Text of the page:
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Review: Summer wages -- sad? (Ian & Sylvia song)

DigiTrad:
CLAUDE DALLAS
FOUR RODE BY
FOUR STRONG WINDS
RED VELVET
SOMEDAY SOON
SONG FOR CANADA
SPRINGTIME IN ALBERTA
SUMMER WAGES


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GUEST,mg 09 Apr 10 - 06:19 PM
Bob the Postman 09 Apr 10 - 08:01 PM
GUEST,mg 09 Apr 10 - 08:09 PM
GUEST,gm 09 Apr 10 - 08:16 PM
Bob the Postman 09 Apr 10 - 09:26 PM
Dave Hanson 10 Apr 10 - 10:30 AM
DonMeixner 10 Apr 10 - 11:33 AM
Murray MacLeod 10 Apr 10 - 04:43 PM
Dave Hanson 10 Apr 10 - 06:44 PM
Bob the Postman 10 Apr 10 - 06:47 PM
Dave Hanson 11 Apr 10 - 02:43 AM
Murray MacLeod 11 Apr 10 - 08:41 AM
Murray MacLeod 11 Apr 10 - 08:50 AM
Ron Davies 11 Apr 10 - 09:18 AM
GUEST,DonMeixner 11 Apr 10 - 09:36 AM
Dave Hanson 11 Apr 10 - 09:59 AM
Ron Davies 11 Apr 10 - 10:10 AM
CET 11 Apr 10 - 05:45 PM
Murray MacLeod 11 Apr 10 - 06:10 PM
meself 11 Apr 10 - 06:20 PM
M.Ted 12 Apr 10 - 06:42 PM
The Fooles Troupe 12 Apr 10 - 07:17 PM
GUEST,DonMeixner 12 Apr 10 - 11:44 PM
meself 13 Apr 10 - 12:34 AM
mg 13 Apr 10 - 12:56 AM
Bob the Postman 13 Apr 10 - 12:03 PM
pdq 13 Apr 10 - 12:29 PM
GUEST,mg 13 Apr 10 - 12:42 PM
Bob the Postman 13 Apr 10 - 01:03 PM
GUEST,DonMeixner 13 Apr 10 - 01:12 PM
meself 13 Apr 10 - 01:30 PM
GUEST,mg 13 Apr 10 - 02:04 PM
Genie 13 Apr 10 - 08:14 PM
dick greenhaus 14 Apr 10 - 01:30 PM
pdq 14 Apr 10 - 01:46 PM
Bob the Postman 14 Apr 10 - 02:23 PM
GUEST 21 Apr 14 - 04:10 PM
GUEST 13 Jul 14 - 10:39 AM
Bert 13 Jul 14 - 01:28 PM
Q (Frank Staplin) 13 Jul 14 - 09:00 PM
GUEST,S.T.Holt 11 May 16 - 12:13 PM
meself 12 May 16 - 12:18 PM
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Subject: Review: Summer wages -- sad?
From: GUEST,mg
Date: 09 Apr 10 - 06:19 PM

We have had several discussions about this..is this a sad song to most people? The original Ian and Sylvia version is what I will base this on..not the additional verse where he won't find a good woman again.

I see it as a hopeful song..mg

Ian Tyson's Summer Wages in the Digital Tradition.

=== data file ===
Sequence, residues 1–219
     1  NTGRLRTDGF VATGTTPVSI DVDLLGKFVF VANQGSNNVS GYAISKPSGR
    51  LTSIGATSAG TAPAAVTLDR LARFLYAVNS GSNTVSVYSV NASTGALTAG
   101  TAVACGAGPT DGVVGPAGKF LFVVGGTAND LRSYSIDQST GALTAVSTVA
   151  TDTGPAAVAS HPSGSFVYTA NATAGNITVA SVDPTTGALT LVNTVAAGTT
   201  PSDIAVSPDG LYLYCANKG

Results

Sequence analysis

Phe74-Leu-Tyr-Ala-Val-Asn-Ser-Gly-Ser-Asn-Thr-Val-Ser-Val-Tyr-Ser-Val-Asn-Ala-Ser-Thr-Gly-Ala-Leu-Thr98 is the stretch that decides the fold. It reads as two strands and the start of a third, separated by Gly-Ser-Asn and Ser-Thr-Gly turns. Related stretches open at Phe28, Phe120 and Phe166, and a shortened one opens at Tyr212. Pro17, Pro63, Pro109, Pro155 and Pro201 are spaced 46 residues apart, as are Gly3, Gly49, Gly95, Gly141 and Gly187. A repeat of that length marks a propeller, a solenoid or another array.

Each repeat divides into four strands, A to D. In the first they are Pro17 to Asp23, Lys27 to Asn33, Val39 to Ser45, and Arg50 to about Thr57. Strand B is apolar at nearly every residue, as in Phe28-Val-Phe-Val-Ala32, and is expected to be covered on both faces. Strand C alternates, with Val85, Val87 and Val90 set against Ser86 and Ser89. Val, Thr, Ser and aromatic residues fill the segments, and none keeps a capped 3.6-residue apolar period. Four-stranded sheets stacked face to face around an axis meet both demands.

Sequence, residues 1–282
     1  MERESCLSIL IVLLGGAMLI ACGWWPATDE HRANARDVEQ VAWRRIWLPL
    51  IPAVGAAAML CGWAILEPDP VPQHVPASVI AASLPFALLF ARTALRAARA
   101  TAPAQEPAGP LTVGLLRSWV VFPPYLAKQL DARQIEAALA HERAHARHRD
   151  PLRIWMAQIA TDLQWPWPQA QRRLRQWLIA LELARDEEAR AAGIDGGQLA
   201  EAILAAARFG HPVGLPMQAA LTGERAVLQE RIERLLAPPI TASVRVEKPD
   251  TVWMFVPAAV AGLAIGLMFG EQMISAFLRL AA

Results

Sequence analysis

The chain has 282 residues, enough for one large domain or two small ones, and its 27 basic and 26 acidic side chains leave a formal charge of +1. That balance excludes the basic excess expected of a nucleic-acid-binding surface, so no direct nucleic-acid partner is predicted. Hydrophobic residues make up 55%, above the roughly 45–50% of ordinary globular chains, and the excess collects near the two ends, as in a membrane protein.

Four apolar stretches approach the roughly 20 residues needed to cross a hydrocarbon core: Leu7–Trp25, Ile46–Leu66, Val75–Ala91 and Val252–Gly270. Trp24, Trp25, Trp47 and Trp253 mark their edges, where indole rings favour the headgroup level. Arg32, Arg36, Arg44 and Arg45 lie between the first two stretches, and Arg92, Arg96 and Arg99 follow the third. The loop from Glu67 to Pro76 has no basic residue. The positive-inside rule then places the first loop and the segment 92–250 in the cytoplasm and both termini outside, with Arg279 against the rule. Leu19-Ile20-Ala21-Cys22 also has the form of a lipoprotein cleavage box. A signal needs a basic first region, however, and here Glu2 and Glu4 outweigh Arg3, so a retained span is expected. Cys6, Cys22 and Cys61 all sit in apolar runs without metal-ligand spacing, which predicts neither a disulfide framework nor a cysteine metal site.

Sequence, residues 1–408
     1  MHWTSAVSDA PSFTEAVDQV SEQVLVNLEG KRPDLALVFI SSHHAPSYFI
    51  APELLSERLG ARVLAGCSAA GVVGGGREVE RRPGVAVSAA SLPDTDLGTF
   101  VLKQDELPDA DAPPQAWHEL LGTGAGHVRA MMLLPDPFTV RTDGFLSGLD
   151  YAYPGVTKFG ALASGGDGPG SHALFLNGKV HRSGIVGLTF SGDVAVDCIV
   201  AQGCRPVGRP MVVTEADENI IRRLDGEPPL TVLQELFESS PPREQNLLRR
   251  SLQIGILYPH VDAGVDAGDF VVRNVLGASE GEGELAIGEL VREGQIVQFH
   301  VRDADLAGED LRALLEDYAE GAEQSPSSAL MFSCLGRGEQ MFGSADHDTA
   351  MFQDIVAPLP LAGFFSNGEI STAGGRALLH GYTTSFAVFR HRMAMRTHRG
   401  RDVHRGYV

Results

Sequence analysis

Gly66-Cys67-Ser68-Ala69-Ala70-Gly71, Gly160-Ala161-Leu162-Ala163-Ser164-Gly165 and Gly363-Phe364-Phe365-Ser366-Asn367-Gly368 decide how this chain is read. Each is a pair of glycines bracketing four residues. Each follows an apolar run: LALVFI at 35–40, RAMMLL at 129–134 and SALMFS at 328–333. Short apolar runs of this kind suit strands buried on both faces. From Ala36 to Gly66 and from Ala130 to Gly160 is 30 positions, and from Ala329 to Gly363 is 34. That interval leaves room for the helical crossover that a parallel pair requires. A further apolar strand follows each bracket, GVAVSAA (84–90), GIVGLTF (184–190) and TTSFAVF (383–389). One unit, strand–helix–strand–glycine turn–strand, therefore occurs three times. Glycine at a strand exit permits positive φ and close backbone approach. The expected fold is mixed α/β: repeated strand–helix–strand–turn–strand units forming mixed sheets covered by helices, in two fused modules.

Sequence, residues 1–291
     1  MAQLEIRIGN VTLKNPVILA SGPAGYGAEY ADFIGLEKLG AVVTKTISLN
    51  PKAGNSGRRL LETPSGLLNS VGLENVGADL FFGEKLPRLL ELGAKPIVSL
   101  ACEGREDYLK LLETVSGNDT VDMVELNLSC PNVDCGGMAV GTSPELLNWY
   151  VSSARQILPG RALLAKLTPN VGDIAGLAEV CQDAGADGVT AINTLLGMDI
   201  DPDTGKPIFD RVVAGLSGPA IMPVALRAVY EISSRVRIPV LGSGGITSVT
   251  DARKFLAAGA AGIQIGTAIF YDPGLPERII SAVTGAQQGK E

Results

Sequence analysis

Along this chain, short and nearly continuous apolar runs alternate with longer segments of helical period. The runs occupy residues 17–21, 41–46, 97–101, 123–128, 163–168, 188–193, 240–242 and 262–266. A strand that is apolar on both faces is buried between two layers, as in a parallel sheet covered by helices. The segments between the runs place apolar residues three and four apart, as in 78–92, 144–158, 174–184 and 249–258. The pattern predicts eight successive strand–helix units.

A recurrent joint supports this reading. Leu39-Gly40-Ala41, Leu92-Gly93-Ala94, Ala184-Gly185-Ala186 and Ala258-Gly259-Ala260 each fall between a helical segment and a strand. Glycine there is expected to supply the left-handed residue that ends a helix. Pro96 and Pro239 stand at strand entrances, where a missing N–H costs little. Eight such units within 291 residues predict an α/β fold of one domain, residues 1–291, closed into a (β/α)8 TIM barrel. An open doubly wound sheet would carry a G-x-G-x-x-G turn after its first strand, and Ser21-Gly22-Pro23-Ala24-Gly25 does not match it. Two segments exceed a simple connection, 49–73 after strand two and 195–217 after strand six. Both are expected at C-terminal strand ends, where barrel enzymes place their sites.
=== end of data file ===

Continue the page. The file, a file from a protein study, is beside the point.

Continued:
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Subject: RE: Review: Summer wages -- sad?
From: Bob the Postman
Date: 09 Apr 10 - 08:01 PM

This song has been at the top of my private set list for the last couple of weeks. It's a song about the hollowed-out, hurt-to-the-core feeling that comes in the wake of a break-up. The guy doesn't care if he falls in the chuck and drowns, which is pretty sad. The futile bunkhouse to barroom and back to bunkhouse way of life used as a simile is tragic.


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Subject: RE: Review: Summer wages -- sad?
From: GUEST,mg
Date: 09 Apr 10 - 08:09 PM

Are you listening to original version?

He is going to see the woman he loves. Doesn't say he lost her..he might have butI think he keeps her and goes to sea and gets new shoes. mg


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Subject: RE: Review: Summer wages -- sad?
From: GUEST,gm
Date: 09 Apr 10 - 08:16 PM

Listening

I thought the woman got knocked up on purpose.


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Subject: RE: Review: Summer wages -- sad?
From: Bob the Postman
Date: 09 Apr 10 - 09:26 PM

Knocked up? Knocked up ain't in it.

He's gonna see his old lady and she's gonna tell him to get lost. If there was something in there about "years are saved up for a down payment on a cottage in North Burnaby like summer wages", then that wouldn't be so sad. But both the wages and the woman are gambled and gone. He'll sign on for a long slow trip to Bella Coola and back and he'll blow the advance that shoulda gone for rain gear and work boots on draft at twenty cents a glass. By the time he's drunk enough to want a woman he won't even have the twenty bucks for a french and a fuck.


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Subject: RE: Review: Summer wages -- sad?
From: Dave Hanson